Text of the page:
as prospective students took the ATB test at a proprietary school, the 
independent test administrator gave them and all the test takers in the 
room--about 20 people in total--answers to some of the test questions. 
In addition, the analysts' test forms were tampered with: their 
intentionally incorrect answers were crossed out and changed to correct 
answers to ensure the individuals passed the test. Our work confirmed 
similar findings by Education's OIG and New York state investigators. 

These problems result, in part, from key weaknesses in Education's 
oversight of ATB testing. Under the ATB test program, Education is 
responsible for overseeing test publishers who, in turn, are 
responsible for certifying and monitoring test administrators who give 
the ATB tests to prospective students at schools. Regulations governing 
the test process require test administrators to be independent of the 
school where they administer the test and to submit test answer sheets 
directly to the test publisher for official scoring. The test 
publishers, in turn, are responsible for analyzing test scores and 
submitting an analysis of these test scores to Education every 3 years 
to help identify improper testing (see figure 1). 

Figure 1: ATB Test Process: 

[Refer to PDF for image: illustration] 

Department of Education: 
* Approves tests submitted by test publishers for ATB use. 

Test publishers: 
* Send test score analysis to Education every 3 years to identify test 
score irregularities suggesting improper test administration; 
* Certify independent test administrators; decertify test 
administrators who improperly administer tests. 

Independent test administrators (ITAs): 
* Send test answer sheets to test publisher for official scoring; 
* Administer ATB test to prospective students at the school; 

Prospective students: 
* Take ATB test at school. 

Sources: GAO analysis; images, Art Explosion. 

[End of figure] 

Nevertheless, we found that Education had not followed up with test 
publishers to ensure that all comply with these requirements. For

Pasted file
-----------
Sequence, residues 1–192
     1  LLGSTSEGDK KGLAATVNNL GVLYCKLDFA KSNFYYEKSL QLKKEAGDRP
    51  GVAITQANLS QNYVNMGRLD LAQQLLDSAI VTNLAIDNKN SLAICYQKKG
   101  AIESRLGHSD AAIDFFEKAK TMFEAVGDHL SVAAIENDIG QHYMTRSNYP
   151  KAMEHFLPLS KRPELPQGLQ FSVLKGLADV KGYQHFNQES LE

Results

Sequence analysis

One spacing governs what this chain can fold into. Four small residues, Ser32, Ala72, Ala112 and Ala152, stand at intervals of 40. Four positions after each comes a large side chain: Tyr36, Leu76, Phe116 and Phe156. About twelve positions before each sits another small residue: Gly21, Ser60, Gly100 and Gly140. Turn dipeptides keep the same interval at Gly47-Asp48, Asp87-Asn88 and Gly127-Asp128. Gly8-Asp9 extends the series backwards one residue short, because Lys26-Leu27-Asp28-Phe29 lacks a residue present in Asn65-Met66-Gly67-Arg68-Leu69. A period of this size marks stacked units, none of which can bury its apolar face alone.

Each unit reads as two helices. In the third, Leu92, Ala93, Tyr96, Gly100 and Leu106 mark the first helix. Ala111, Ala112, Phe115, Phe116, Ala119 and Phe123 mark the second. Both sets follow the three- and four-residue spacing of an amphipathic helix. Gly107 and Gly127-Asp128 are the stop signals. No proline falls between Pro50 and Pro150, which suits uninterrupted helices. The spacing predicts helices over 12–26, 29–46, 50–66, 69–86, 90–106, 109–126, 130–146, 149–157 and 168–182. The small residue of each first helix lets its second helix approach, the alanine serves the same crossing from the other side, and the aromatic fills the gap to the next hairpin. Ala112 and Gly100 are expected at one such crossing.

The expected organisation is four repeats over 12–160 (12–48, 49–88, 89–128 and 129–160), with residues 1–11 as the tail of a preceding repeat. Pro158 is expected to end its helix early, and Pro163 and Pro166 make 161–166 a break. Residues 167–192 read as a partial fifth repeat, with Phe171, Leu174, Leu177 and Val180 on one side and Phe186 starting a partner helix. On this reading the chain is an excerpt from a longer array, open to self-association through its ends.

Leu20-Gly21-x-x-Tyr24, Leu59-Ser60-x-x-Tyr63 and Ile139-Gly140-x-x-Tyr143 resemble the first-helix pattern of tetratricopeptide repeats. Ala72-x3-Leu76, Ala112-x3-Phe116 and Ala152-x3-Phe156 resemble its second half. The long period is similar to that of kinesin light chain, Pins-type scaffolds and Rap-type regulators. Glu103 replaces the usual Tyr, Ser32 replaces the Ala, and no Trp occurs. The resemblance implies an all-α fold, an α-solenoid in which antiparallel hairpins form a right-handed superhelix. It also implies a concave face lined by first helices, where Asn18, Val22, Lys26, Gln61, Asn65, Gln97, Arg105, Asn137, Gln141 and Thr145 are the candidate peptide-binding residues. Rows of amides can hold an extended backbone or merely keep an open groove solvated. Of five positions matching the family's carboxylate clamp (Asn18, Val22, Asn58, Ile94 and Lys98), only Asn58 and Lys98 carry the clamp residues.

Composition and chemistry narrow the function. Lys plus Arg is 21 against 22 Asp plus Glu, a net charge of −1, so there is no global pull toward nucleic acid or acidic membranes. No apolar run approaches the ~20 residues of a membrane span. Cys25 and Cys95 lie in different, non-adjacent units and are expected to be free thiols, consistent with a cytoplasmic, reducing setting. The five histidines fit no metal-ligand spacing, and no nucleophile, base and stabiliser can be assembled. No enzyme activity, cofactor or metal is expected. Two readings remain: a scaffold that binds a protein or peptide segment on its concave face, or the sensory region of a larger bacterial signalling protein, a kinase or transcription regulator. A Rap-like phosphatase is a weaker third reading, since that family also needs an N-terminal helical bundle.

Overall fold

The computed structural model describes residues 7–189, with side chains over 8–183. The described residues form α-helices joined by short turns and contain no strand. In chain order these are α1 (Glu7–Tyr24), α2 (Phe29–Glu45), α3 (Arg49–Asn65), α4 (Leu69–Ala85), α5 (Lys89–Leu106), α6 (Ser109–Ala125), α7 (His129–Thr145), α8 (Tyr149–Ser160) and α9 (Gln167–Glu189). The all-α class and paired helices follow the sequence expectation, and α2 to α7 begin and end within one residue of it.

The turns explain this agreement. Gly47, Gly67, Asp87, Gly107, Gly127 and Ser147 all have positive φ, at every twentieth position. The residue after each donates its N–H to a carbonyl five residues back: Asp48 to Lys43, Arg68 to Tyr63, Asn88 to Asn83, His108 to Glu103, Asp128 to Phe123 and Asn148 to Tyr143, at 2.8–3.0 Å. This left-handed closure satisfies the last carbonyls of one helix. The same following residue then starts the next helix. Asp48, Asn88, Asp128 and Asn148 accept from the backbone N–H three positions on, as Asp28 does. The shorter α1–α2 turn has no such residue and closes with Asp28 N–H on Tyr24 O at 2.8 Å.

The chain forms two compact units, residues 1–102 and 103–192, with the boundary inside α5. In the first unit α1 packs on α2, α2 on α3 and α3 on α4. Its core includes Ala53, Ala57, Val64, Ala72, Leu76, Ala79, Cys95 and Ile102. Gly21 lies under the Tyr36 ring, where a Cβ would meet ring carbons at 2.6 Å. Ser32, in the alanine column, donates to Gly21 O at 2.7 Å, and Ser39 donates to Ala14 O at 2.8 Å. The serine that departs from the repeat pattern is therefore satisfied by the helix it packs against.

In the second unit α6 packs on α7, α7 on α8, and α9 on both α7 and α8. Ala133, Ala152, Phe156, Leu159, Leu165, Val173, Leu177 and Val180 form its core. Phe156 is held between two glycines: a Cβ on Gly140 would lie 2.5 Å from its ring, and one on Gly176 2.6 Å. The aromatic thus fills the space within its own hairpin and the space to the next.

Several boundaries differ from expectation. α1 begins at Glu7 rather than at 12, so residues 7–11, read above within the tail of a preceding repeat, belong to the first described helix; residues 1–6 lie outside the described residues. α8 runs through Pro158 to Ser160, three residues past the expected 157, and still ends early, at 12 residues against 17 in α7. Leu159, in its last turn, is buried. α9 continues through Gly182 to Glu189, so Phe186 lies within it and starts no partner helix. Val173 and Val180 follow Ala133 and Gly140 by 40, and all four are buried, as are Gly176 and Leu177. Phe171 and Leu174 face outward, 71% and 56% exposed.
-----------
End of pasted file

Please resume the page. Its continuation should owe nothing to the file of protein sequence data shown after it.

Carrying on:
example, as of early 2009, one of the four approved test publishers had 
yet to submit test score analyses due in April 2005 and in April 2008 
for two of its approved tests. Education officials told us the employee 
responsible for test publisher oversight and review of test submissions 
had retired in 2008 and no one at Education had followed up with test 
publishers to obtain unsubmitted test score analyses until March 2009, 
in response to our review. We also learned from OIG and Education 
officials that while one test publisher provides thorough analyses that 
have led to the identification of possible violations, other test 
publishers provide only cursory analyses of test scores. In addition to 
problems with Education's monitoring of test publishers, Education 
regulations do not allow for the timely identification of improper test 
administration. For example, as noted earlier, regulations require test 
score analyses to be conducted every 3 years, which may leave improper 
testing undetected for years. Furthermore, regulations do not require 
test publishers to follow up when irregularities are identified, or to 
report corrective actions to Education. Given the risks of potential 
fraud and abuse associated with ATB testing, such weaknesses in 
Education's monitoring and oversight leave the ATB test program 
vulnerable to future violations. 

We also identified cases in which recruiters at two separate publicly 
traded proprietary schools helped prospective students obtain invalid 
high school diplomas from diploma mills--entities that provide invalid 
diplomas, usually for a fee and little academic work--so that students 
could gain access to federal loans. In one case, representatives of a 
student interest group told us a student who dropped out of high school 
in the 9th grade was guided by the proprietary school to take an online 
test to receive a high school diploma. In another case, a student told 
us during a site visit that he was flunking out of high school when a 
recruiter at the proprietary school directed him to a place where he 
could pay a fee to take a test and obtain a high school diploma. Based 
on further review, we confirmed that state and county government 
agencies had determined these entities to be diploma mills. Our 
findings also confirmed similar problems identified by Education, and 
Education regional officials told us the problem may be more widespread 
than is known. 

Problems with the use of invalid high school diplomas to gain access to 
federal student aid are partly attributed to key weaknesses in 
Education's policies governing high school diploma requirements, and 
the lack of information and guidance on valid high school diplomas. For 
example, while senior Education officials told us it is the 
department's official policy that high school diplomas from diploma 
mills are not acceptable for federal aid eligibility, Education has not 
communicated this position in clearly written policies. Without written